British Columbia

Big name B.C. chefs protest salmon farms

Some of the province’s best known chefs are saying whatever you do, don’t order the farmed salmon.

Top cooks pressure B.C. government to terminate fish farm leases

Andrea Carlson is one of more than 50 prominent chefs who are calling on the B.C. government to not renew the leases on 20 salmon farms. (Greg Rasmussen/CBC)

Whatever you do, don't order the farmed salmon.

That's the message from some of the province's best known chefs who say B.C.'s salmon farming industry is unsustainable and bad for the environment.

Some of the notable names include David Hawksworth, of the downtown fine-dining restaurant that bears his name, Meera Dhalwala of Vij's and Hidekazu Tojo of Tojo's.

All told, more than 50 chefs signed a declaration calling on the province not to renew 20 contentious fish farming licences in the Broughton Archipelago.

Chefs including David Hawksworth, Meera Dhalwala and Hidekazu Tojo hold a news conference to express their opposition. (Greg Rasmussen/CBC)

No farmed salmon on the menu

CBC caught up with chef Andrea Carlson in the kitchen at Harvest on Union Street in Vancouver, as she diced up some vegetables for a soup. She also own Burdocks restaurant, which specializes in farm to table food.

"We as chefs want to protect our wild salmon stocks," said Carlson. 

She says her biggest concern is the impact of having tens of thousands of salmon in a small space, where waste can build up and chemicals are sometimes used to treat salmon lice outbreaks.

She also fears these net pen farms can spread disease and parasites to wild salmon, which is a hotly debated topic.

At the moment, Carlson has no salmon on the menu at either of her restaurants.

"We only serve wild salmon when it's in season and when it's coming from a run deemed to be healthy and abundant."

Contaminant concerns

Cookbook author and chef Rob Clark, who owns the Fish Counter, says he has many concerns about pens in the open ocean.

"Do we want antibiotics introduced into our ecosystem, into our food chain, simply to make these fish healthy enough to eat because they've been weakened by stress."

About 70,000 tonnes of farmed salmon are produced in B.C. each year. The industry says it's providing a quality product at a good price and taking the pressure off wild salmon stocks.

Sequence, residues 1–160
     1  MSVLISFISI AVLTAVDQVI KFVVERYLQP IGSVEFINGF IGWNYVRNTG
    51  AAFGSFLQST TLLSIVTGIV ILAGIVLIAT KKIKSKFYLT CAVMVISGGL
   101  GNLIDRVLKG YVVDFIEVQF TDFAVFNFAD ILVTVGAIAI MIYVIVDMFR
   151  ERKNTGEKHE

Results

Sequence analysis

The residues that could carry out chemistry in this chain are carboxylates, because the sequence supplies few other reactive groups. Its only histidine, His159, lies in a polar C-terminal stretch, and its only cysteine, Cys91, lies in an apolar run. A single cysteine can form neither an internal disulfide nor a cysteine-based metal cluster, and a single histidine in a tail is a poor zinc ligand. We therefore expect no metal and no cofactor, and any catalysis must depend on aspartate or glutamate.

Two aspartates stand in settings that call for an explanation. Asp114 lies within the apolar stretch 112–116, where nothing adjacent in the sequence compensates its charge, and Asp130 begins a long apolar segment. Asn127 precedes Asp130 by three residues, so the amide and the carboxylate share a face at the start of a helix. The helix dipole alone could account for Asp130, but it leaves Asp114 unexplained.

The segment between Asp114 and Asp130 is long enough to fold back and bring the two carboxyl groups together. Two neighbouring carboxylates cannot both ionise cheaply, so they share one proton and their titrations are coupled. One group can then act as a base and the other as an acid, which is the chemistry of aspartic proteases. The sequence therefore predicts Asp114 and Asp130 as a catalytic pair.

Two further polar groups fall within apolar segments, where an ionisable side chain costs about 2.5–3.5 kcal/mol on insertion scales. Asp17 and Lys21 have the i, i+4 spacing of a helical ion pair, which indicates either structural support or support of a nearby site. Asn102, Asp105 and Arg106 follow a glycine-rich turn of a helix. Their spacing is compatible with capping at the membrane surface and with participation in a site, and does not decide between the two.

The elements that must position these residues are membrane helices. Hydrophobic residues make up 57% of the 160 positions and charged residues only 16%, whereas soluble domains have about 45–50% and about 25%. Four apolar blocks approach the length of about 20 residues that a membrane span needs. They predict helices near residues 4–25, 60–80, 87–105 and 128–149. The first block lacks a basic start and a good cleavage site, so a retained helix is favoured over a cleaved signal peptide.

Fish farmers say Atlantic salmon are a healthy product that create hundreds of jobs in small B.C. communities. (Canadian Press)

Clark disagrees.

 "The demand for salmon has been created by the salmon farming association to sell a product we didn't need in the  first place," he said.

"They spent millions and millions over the last 30 years to convince us we should be eating farmed Atlantic salmon."

'We cannot continue to use the oceans as a sewer'

The chefs were cheered on at the announcement by scientist and author David Suzuki, who called for consumers to pay attention to the fish on their plate.

"I'm astonished about how ignorant the average consumer is over the fish they're going to put into their body."

He says some restaurants and stores try to hide the fact they're serving farmed salmon.

Suzuki thinks it's unrealistic to ban fish farming outright. He wants the operations to get out of the ocean and build large salmon rearing tanks on land, where the waste and chemicals used in their production can be kept out of the open oceans.

"Just on basic principles, we cannot continue to use the oceans as a sewer," said Suzuki.

Salmon farmers say they're important to economy

Not surprisingly, the B.C. Salmon Farmers Association takes issue with the chefs' stance.

One of its members, Ian Roberts, is with Marine Harvest, which produces more than half of B.C.'s farmed salmon. 

"If we lost some of our production, it would severely impact, not just the price of salmon and seafood, but also put undue pressure on wild sources that can't meet the growing demand for seafood," said Roberts. 

He also says it's not practical to move their operations onto land.

Suzuki and the chefs, though, say there are hidden costs in allowing open net pen farming to continue.

Chef Meeru Dhalwala of Vij's restaurant says people expect food to be cheap but spend money freely elsewhere.

"Cosmetics, designer blue jeans, how much do our glasses cost, our clothing, it's more how we allocate the money we have that needs to be asked, versus, 'is sustainable fish expensive?'"

The B.C. Salmon Farmers Association says the province's aquaculture industry generates $1.5 billion a year. (B.C. Salmon Farmers Association)

Decision coming soon on fish farm leases

The move comes on the same day B.C.'s NDP government released a report on the future of fish farming in the province.

The document concedes there are many contentious issues surrounding net pen farming and promises more consultation before action will be taken.

And the clock is ticking. By June, a decision has to be made over whether to renew leases on 20 BC salmon farms.


Greg Rasmussen

National Reporter

Greg Rasmussen is a National Reporter for CBC news based in Vancouver. He's covered news stories across Canada and around the world for more than two decades. Follow him @CBCGreg on twitter.